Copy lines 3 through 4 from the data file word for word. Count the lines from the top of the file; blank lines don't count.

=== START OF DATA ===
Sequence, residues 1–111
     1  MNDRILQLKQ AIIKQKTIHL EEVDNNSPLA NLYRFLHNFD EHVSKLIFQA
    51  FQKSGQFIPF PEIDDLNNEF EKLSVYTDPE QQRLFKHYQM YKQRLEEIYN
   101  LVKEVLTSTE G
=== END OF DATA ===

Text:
    51  FQKSGQFIPF PEIDDLNNEF EKLSVYTDPE QQRLFKHYQM YKQRLEEIYN
   101  LVKEVLTSTE G